Tags: investors | Treasurys | higher | rates

Large Investors Prepare for Higher Interest Rates

By Dan Weil   |  

Interest rates already have risen from their record lows, and at some point the Federal Reserve will begin to reverse its easing program, pushing them up even higher.

So investors are taking steps now to deal with higher rates later, including big-time players such as BlackRock, TCW Group and Pimco, The Wall Street Journal reports.

Their tactics include purchasing floating-rate debt, whose yields rise along with the overall rate structure; interest-rate swaps; Treasury inflation-protected securities (TIPS); and derivatives betting on losses by Treasurys.

Editor's Note:
Billionaires Dump Stocks. Prepare for the Unthinkable.

With rates now so low, the concern is that just a slight rise in rates will be devastating to portfolios of Treasurys.

"We don't subscribe to the view that once the fire starts, we'll be able to outrun everybody through the door," Stephen Kane, managing director for U.S. fixed income at TCW, tells The Journal.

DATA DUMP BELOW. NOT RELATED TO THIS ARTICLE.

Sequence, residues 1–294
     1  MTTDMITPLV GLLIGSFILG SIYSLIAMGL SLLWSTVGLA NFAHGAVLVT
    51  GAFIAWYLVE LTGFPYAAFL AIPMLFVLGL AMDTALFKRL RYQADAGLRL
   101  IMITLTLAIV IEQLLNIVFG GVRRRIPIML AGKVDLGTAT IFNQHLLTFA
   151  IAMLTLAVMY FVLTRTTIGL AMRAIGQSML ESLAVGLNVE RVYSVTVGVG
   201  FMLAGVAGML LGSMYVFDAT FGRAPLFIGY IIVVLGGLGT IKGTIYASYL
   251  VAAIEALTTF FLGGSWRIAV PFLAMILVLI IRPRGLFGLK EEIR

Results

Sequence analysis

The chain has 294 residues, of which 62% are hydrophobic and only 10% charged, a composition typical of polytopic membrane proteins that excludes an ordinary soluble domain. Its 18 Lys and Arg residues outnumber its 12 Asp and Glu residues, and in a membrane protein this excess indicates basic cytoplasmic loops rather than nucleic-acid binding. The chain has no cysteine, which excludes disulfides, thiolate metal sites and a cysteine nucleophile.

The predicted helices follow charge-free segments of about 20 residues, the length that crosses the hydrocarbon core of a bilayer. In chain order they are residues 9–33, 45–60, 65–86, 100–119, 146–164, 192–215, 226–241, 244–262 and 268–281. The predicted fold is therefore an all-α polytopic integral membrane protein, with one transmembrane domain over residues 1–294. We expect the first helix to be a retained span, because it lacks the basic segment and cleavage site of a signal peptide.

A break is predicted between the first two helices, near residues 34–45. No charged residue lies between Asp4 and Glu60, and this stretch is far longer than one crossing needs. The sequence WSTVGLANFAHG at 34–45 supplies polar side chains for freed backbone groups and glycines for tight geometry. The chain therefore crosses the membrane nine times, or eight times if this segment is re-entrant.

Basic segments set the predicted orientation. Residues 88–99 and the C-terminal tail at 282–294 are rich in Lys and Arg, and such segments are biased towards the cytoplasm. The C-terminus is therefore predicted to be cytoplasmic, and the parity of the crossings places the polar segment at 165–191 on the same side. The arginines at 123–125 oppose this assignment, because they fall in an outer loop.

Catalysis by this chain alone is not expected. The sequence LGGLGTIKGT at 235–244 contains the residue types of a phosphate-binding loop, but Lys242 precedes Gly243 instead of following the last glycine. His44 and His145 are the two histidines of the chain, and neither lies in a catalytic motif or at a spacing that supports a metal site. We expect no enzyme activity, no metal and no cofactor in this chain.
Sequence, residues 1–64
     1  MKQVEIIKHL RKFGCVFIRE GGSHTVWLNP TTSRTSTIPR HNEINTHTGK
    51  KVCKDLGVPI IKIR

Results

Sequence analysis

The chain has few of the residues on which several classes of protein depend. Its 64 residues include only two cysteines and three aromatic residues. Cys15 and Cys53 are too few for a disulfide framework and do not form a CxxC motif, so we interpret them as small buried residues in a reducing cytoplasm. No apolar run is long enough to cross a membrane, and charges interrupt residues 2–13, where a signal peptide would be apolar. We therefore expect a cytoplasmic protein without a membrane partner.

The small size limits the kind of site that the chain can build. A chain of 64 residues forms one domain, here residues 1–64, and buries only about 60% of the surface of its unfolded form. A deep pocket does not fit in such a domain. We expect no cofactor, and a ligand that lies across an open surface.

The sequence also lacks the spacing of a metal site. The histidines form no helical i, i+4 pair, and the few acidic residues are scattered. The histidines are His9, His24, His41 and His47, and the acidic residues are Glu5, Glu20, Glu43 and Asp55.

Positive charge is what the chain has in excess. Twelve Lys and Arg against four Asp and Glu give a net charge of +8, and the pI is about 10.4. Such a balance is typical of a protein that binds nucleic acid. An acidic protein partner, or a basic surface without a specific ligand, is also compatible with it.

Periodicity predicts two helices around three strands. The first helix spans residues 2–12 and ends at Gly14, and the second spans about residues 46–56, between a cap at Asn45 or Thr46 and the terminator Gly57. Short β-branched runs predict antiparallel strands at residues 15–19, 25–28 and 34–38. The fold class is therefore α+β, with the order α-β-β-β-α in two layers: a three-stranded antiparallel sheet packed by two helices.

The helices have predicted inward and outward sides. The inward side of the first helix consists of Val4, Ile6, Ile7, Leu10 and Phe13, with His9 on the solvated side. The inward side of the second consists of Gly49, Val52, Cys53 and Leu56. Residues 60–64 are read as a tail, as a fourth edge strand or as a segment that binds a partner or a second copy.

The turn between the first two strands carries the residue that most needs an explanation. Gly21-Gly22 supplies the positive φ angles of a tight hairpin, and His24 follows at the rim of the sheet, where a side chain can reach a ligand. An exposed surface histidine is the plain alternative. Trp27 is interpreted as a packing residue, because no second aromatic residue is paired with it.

"Rates could be up 50 basis points before your traders can get all the sell orders through."

Rick Rieder, co-head of fixed income for the Americas at BlackRock, agrees.

"For 30 years, interest rates had declined and fixed income was the safe part of the portfolio," Rieder tells The Journal. "Now fixed income is becoming something you have to be more active in."

The 10-year Treasury yield stood at 2.06 percent late Monday, up from a record low of 1.38 percent last July.

At Pimco, Co-chief Investment Officer Bill Gross trimmed the weighting of Treasurys in the firm’s lynchpin Total Return Fund, to 28 percent of assets in February, down from a six-month high of 30 percent in January.

He has recommended against long-term Treasurys and in favor of inflation-protected bonds, as central banks around the world continue to pursue huge easing programs. Gross also has talked up Mexican and Brazilian bonds.

Editor's Note: Billionaires Dump Stocks. Prepare for the Unthinkable.

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Interest rates already have risen from their record lows, and at some point the Federal Reserve will begin to reverse its easing program, pushing them up even higher.
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